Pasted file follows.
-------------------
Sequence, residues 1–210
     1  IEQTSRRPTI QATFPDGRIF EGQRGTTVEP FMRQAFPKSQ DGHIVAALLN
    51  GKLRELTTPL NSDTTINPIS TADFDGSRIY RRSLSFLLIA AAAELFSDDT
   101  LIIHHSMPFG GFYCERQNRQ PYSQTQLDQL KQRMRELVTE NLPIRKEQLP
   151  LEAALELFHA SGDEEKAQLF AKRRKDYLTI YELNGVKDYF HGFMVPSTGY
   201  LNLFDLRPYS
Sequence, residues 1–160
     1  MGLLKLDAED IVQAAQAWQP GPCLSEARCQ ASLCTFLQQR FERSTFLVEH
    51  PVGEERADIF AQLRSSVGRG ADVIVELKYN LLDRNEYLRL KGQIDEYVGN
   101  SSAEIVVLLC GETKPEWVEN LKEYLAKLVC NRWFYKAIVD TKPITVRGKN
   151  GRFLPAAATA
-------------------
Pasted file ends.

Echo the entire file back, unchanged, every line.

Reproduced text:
Sequence, residues 1–210
     1  IEQTSRRPTI QATFPDGRIF EGQRGTTVEP FMRQAFPKSQ DGHIVAALLN
    51  GKLRELTTPL NSDTTINPIS TADFDGSRIY RRSLSFLLIA AAAELFSDDT
   101  LIIHHSMPFG GFYCERQNRQ PYSQTQLDQL KQRMRELVTE NLPIRKEQLP
   151  LEAALELFHA SGDEEKAQLF AKRRKDYLTI YELNGVKDYF HGFMVPSTGY
   201  LNLFDLRPYS
Sequence, residues 1–160
     1  MGLLKLDAED IVQAAQAWQP GPCLSEARCQ ASLCTFLQQR FERSTFLVEH
    51  PVGEERADIF AQLRSSVGRG ADVIVELKYN LLDRNEYLRL KGQIDEYVGN
   101  SSAEIVVLLC GETKPEWVEN LKEYLAKLVC NRWFYKAIVD TKPITVRGKN
   151  GRFLPAAATA